I was once on a show in Trinidad and Tobago where a similar thing happened.  A month later the guy moved to the United States and started working in television.  Ask!  You will likely start at the bottom.  But the bottom just means your foot is in the door!  I know many chief-engineers who got their foot in the door at a production company driving a delivery van.  Ask!


Wash. Rinse. Repeat.

If you’ve gotten this far and are disappointed that I did not offer you a magic bullet to achieve your goals, you’re correct; there is no magic bullet. But if you are consistently punctual, prepared, engaged and enthusiastic, honoring of other’s time, tasteful, humble, always learning and hustling, and most importantly solving someone’s big problem, I think you’ll find the gig, the slot, the volunteer opportunity or the compensation you are looking for.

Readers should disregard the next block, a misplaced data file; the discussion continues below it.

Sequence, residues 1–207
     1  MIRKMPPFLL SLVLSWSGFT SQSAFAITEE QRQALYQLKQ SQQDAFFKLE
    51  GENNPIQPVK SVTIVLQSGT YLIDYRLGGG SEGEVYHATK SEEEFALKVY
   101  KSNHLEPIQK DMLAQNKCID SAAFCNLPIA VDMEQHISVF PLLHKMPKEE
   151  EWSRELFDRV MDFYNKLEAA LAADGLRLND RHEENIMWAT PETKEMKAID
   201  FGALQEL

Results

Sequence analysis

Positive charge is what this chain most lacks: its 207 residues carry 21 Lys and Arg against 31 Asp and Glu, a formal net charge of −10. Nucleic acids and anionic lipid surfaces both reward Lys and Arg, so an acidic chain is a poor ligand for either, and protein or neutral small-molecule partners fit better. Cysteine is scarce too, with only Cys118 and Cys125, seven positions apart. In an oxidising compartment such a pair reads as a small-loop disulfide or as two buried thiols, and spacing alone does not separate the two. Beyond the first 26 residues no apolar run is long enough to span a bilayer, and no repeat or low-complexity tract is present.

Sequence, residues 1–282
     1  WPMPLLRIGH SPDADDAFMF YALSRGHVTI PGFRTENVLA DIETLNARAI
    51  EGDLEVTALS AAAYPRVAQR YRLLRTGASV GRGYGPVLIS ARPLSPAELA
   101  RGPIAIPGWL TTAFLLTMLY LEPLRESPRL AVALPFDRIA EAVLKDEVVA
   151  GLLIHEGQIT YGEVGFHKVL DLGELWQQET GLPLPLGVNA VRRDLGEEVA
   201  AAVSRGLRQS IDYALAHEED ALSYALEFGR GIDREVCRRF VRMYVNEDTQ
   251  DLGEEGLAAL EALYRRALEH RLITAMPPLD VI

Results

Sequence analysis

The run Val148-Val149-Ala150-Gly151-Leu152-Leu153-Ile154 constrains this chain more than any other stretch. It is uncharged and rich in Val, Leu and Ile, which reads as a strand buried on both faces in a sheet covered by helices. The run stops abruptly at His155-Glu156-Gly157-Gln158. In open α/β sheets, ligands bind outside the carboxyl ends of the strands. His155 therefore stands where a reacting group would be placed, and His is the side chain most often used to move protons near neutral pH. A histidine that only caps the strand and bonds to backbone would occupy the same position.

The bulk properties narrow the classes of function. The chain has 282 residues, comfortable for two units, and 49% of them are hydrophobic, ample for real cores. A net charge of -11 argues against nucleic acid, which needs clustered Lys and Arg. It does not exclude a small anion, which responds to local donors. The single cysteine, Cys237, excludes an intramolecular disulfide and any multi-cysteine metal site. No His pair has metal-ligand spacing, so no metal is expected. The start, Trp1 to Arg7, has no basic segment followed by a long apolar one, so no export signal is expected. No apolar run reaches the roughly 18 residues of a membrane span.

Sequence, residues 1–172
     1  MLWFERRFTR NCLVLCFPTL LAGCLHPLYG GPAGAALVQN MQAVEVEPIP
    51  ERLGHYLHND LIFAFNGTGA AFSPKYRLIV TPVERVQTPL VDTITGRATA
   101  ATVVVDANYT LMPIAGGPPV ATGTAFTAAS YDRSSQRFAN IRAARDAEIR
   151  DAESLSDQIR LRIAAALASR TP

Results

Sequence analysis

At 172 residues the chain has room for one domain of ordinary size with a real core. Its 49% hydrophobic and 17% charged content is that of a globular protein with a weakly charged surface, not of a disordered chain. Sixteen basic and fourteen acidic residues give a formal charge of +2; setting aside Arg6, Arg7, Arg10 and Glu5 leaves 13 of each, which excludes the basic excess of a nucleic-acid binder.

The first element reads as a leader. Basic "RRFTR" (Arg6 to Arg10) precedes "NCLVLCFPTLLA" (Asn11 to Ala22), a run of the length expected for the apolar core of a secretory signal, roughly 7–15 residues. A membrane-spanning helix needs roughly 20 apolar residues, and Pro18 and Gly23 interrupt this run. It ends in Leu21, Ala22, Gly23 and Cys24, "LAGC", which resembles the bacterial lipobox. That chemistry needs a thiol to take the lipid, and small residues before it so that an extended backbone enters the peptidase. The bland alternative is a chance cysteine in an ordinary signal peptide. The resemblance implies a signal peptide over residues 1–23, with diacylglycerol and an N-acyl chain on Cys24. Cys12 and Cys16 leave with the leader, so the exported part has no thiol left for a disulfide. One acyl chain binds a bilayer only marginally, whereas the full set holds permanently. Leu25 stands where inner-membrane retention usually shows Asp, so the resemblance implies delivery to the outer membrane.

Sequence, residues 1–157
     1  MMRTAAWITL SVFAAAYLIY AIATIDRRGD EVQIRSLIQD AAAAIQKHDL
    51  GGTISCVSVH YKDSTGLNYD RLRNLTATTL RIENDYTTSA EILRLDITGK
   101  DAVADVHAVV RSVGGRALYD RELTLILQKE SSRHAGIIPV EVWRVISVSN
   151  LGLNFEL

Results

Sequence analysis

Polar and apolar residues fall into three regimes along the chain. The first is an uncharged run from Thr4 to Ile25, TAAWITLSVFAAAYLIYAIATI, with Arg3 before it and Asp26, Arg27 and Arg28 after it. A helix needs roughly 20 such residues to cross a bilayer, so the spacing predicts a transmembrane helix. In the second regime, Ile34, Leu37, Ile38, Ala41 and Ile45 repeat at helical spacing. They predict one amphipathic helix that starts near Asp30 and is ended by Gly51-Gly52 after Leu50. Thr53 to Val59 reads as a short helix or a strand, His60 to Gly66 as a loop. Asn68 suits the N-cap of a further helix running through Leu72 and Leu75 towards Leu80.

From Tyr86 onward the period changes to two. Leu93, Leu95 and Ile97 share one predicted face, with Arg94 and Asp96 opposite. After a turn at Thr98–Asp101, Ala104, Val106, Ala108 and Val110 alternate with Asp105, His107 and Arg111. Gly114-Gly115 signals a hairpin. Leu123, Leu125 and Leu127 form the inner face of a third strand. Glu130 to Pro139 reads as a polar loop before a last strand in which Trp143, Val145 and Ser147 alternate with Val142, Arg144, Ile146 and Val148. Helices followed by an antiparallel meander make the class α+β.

"Success isn't owned. It's leased, and rent is due every day." - J.J. Watt

Title photo attribution: J Stimp

Tom D'Angelo

Tom D'Angelo has worked in television production and AVL corporate theater for nearly four decades. He is Emmy Award nominated (Best Director category, Mid-Atlantic) and has been part of various teams nominated or winning national Emmys.  As the Media Director at a megachurch in the 1980’s he developed a love for the Church and church performing and technical artists.